On The Competitive Effects Of Vertical Integration Under Product Differentiation
The result of neutrality of vertical integration for competition postulated by the Chicago School can be supported by a benchmark model with (1) an upstream monopolist, (2) homogeneous goods downstream and (3) observable (two-part tariff) contracts. The result does not hold however, whenever any of the three assumptions is relaxed. Rey and Tirole (1999) show that, with secret contracts, vertical integration is profitable and anticompetitive. The present paper shows that, adding an alternative supplier and product differentiation to the benchmark model, the effects of vertical integration depend on the efficiency level of the alternative supplier. When the alternative supply is relatively efficient, we also obtain that vertical integration is profitable and anticompetitive. However, when the alternative supplier is relatively inefficient, vertical integration becomes unprofitable and increases social welfare.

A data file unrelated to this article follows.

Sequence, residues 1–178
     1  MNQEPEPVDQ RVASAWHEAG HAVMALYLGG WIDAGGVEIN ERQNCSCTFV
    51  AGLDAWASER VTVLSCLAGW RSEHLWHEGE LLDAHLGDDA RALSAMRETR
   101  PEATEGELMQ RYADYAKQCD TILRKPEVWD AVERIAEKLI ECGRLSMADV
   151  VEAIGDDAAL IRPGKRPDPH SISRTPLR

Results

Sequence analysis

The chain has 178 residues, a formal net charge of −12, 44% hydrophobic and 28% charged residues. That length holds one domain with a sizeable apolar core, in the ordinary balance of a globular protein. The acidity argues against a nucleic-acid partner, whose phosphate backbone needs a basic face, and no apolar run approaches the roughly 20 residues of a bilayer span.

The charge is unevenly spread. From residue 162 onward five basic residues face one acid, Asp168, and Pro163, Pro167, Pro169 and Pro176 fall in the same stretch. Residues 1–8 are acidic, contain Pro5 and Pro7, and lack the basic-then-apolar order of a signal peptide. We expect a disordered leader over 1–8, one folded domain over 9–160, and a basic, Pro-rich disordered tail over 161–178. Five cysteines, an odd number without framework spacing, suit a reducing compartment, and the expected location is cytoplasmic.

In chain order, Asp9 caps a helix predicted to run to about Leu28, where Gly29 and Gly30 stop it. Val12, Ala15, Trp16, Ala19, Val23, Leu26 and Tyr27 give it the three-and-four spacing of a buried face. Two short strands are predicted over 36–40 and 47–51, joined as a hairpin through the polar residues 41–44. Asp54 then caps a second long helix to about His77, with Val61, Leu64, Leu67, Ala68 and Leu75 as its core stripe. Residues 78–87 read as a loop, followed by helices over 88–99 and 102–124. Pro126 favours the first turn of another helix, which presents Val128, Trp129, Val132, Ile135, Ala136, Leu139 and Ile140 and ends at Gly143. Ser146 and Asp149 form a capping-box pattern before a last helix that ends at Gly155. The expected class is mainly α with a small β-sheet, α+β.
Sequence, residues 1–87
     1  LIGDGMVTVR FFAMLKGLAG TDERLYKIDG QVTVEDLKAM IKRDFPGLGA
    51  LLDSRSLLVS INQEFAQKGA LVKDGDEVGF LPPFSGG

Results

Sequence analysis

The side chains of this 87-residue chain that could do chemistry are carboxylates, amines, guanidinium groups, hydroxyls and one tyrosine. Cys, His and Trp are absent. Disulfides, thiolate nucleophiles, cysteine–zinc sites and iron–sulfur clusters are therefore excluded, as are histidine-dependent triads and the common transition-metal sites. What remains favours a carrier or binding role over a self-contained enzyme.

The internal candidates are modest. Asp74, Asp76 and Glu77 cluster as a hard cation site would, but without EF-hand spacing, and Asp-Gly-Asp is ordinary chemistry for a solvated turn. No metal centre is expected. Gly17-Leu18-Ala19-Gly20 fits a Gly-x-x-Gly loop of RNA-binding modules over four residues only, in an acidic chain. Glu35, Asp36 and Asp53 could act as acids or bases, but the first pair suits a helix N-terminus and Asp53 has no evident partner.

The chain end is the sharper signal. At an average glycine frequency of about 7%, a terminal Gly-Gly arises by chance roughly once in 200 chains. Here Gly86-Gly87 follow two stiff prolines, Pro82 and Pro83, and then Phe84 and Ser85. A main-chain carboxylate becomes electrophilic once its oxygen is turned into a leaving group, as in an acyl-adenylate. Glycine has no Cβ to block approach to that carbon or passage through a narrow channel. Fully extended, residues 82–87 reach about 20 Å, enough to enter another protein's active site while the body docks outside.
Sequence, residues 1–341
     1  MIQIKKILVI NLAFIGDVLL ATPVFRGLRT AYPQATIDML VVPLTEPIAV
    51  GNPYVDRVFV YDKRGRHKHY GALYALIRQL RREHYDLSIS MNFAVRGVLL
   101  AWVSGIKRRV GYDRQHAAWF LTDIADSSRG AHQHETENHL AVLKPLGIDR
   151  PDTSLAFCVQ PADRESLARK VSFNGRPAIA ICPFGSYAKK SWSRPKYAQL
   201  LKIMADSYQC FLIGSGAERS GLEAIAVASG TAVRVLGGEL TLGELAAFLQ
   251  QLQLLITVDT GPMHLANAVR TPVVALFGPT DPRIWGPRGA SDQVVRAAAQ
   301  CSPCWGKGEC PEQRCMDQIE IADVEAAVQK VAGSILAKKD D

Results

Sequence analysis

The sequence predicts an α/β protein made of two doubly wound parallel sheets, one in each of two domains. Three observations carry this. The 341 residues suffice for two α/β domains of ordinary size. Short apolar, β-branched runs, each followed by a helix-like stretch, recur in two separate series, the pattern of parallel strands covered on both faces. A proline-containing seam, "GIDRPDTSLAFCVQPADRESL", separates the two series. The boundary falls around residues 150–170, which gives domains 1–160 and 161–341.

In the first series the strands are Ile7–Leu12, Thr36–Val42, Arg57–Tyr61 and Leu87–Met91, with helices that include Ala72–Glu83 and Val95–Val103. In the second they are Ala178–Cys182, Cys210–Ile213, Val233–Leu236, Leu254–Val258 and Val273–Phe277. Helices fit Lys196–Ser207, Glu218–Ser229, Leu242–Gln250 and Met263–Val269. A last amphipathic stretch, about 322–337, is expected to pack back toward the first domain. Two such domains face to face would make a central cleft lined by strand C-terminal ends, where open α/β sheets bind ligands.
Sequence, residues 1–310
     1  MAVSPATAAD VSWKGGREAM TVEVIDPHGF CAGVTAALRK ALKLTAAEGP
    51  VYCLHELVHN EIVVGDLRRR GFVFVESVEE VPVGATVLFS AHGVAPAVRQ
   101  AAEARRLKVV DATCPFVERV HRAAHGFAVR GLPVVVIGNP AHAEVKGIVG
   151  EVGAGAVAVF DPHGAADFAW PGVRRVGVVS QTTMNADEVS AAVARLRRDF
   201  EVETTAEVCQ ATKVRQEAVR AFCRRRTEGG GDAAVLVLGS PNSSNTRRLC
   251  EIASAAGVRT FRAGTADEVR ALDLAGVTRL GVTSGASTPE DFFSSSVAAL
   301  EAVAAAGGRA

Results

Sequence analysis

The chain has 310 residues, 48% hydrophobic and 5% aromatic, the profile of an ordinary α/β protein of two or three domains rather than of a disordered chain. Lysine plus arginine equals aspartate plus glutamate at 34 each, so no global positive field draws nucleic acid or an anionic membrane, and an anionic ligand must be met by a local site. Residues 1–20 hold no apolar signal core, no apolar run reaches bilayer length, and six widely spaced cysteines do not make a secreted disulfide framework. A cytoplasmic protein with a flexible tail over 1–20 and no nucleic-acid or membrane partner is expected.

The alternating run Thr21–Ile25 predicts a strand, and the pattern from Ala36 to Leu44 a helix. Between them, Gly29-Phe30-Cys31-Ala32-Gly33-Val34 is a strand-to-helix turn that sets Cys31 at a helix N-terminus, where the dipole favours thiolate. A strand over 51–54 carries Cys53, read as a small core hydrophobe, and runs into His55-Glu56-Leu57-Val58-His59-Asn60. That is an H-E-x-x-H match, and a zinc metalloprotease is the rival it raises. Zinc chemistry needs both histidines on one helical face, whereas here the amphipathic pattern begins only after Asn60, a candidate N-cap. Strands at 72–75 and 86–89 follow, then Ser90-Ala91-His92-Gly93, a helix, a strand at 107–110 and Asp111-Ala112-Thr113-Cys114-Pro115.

|Date of creation:||Sep 2003|
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